On April 29, the Berkeley, CA City Council had the opportunity to approve a drone ban and chose to kick the can down the road.
Robert Meola, who has been working to get the resolution passed for more than two years, said that the resolution is not dead but that the council said nothing about when it will act, if at all.
Here is a blistering article on the council’s handling of the resolution in the on-line Berkeley Daily Planet:
Here is additional coverage:
CODE PINK MOBILIZING LOCAL DRONE BAN ACTION
Dear friends and activists,
Here at CODEPINK we're excited to announce that we have launched a campaign to pass 100 local resolutions restricting the use of drones in our communities. While there’s been much discussion about the dangers of drones being used in the US by law enforcement and other government agencies, only a few cities have passed resolutions to regulate their use or impose a moratorium until such regulations are in place. Restricting the use of drones in our communities is important for our privacy and our safety. It’s also important to make sure that drones used here at home are never weaponized, like they are overseas.
We have a great action toolkit, including a short video, that takes you step-by-step through the resolution process. Check out the campaign here and contact me if you are interested or have any questions!
Alli, Medea and the CODEPINK team.
Here are the minutes of the May 7 organizers’ conference call:
Daniel Riehl – Lancaster, PA – said that he is doing systematic outreach to 20 churches in the Lancaster area to increase the number going to Horsham each month to protest the opening of a drone control base there from 14 to 50 by the summer. “It’s a slow painful job,” he said, “ but we’re making progress.” In his presentations to churches he uses the film Wounds of Waziristan
http://www.journeyman.tv/66218/short-films/wounds-of-waziristan-hd.html and a PowerPoint show prepared by Bill Quigley that outlines legal issues presented by U.S. drone attacks http://paxchristiusa1.files.wordpress.com/2012/11/bill-quigleys-presentation-on-drones.pdf.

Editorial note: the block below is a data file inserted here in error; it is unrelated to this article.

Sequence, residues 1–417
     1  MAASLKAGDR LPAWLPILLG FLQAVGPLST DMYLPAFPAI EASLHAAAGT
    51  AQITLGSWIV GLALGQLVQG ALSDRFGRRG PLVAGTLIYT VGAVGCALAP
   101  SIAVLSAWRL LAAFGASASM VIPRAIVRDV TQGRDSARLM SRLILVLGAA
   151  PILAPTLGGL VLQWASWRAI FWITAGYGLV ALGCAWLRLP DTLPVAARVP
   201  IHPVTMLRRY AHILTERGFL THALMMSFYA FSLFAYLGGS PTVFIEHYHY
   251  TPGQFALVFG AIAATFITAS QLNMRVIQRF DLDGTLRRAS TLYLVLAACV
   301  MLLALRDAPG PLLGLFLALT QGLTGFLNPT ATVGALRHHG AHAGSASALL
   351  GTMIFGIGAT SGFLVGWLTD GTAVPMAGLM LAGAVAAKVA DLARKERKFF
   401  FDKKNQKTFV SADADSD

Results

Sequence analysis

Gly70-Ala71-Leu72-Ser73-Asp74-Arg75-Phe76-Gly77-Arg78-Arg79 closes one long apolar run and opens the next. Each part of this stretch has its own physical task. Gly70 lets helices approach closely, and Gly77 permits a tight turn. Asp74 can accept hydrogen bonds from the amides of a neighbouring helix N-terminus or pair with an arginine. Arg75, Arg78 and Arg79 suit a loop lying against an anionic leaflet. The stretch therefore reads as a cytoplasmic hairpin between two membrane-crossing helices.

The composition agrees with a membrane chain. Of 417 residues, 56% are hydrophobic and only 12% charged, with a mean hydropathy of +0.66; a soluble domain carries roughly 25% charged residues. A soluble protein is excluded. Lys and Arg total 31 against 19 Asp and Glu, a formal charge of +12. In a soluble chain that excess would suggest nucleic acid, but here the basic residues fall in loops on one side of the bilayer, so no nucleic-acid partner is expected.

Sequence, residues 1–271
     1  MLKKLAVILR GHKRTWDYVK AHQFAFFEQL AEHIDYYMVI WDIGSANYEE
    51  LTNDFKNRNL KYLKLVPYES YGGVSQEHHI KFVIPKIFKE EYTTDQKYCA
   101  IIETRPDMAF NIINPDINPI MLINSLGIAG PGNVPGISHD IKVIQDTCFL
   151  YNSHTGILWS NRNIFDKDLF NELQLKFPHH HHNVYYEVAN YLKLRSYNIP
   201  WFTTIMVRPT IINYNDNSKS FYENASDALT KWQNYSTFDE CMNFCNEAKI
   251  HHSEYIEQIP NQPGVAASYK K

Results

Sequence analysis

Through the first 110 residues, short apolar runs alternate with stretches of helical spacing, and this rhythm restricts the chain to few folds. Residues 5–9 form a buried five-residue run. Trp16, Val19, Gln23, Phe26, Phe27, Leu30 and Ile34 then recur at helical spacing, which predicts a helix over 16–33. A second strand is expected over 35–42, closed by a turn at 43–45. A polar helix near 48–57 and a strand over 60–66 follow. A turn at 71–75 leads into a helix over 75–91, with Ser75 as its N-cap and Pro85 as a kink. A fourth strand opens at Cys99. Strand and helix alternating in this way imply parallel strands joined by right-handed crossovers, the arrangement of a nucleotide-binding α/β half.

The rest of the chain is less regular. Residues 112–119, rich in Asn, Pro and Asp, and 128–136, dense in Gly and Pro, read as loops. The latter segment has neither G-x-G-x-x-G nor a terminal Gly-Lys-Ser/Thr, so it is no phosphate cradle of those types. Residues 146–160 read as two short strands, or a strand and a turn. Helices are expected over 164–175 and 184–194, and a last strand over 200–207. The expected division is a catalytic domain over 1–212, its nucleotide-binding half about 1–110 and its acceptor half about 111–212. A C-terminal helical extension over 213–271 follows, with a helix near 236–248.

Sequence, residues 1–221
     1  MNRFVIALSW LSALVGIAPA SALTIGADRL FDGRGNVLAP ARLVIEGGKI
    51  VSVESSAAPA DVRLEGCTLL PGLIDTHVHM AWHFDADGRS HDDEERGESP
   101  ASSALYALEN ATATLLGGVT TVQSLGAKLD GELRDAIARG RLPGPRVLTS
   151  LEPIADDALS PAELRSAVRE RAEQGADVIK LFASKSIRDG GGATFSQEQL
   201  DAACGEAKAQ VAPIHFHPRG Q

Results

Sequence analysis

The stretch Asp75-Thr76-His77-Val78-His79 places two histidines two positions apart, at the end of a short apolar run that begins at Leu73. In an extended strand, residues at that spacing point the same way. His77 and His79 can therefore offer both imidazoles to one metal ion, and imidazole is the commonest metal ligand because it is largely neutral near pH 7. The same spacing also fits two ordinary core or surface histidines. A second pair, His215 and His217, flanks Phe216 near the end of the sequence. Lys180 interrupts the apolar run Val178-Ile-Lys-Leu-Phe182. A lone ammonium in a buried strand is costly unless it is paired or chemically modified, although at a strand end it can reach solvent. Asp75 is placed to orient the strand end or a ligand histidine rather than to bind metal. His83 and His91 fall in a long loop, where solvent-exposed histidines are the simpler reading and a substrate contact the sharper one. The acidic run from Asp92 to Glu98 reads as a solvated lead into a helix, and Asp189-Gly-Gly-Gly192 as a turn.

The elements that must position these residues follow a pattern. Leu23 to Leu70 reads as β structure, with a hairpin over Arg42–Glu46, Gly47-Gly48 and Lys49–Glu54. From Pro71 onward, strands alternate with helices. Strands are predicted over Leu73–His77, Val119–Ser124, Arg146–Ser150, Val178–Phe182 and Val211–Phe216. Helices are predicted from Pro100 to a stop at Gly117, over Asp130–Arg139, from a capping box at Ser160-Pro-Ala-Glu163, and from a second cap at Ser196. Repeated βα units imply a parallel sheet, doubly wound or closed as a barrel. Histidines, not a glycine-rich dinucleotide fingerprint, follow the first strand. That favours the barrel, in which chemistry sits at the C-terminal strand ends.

Kevin Caron – Atlanta, GA – reported on the march from Ft. Benning to Georgia Institute of Technology in Atlanta (See above.) Kevin suggested that it would be important for groups in the United States and from overseas that are working on the drone war issue to get together and draft a statement, defining their common goals. Nick said that this will be done in advance of joint international actions planned for Oct. 4 and that he will circulate information on how to comment of the statement as soon as possible.
Andrew Dalton and Barbara Kidney – Drone Alert – Hudson Valley – said there will be “pop-up” leafleting actions on May 17 on the pedestrian bridge across the Hudson at Poughkeepsie and another on May 24 in New Paltz. They will read names of victims of drone attacks and at the same time write the names on large sheets of paper and ask people to comment and/or making drawings near the names. They plan to have a event on Memorial Day in memory of those killed by drones and may use the paper sheets with the names as part of that witness. Barbara reported that arrangements have been made to show Wounds of Waziristan in the first week of November at the New Paltz Quaker meeting, with timing set to coincide with a gathering of Quakers from other meetings at the New Paltz meeting. Barbara suggested that we try to get information about drone protests now underway to Pakistan radio stations and press agencies, and she said she would try to work on this.
Kyle Silliman-Smith – Burlington, VT – Kyle is program manager at Peace and Justice Center in Burlington, a statewide organization. She reported that the center took 13 people to the April 27 protest at Hancock air base in Syracuse, had shown Wounds of Waziristan in Montpelier and participated in a discussion of Dirty Wars when it was screened in April at the White River (Junction) Indie (film) Festival.
Kyle also reported on a new initiative to reach out with drone education to people living in rural Vermont to respond to requests from supporters around the state. She said that in some cases those doing the education, whether from the center’s staff or local people, may meet with only five people in a living room.
“It takes time and cultivation,” she said, but she said, “we’re excited to empower their communities.”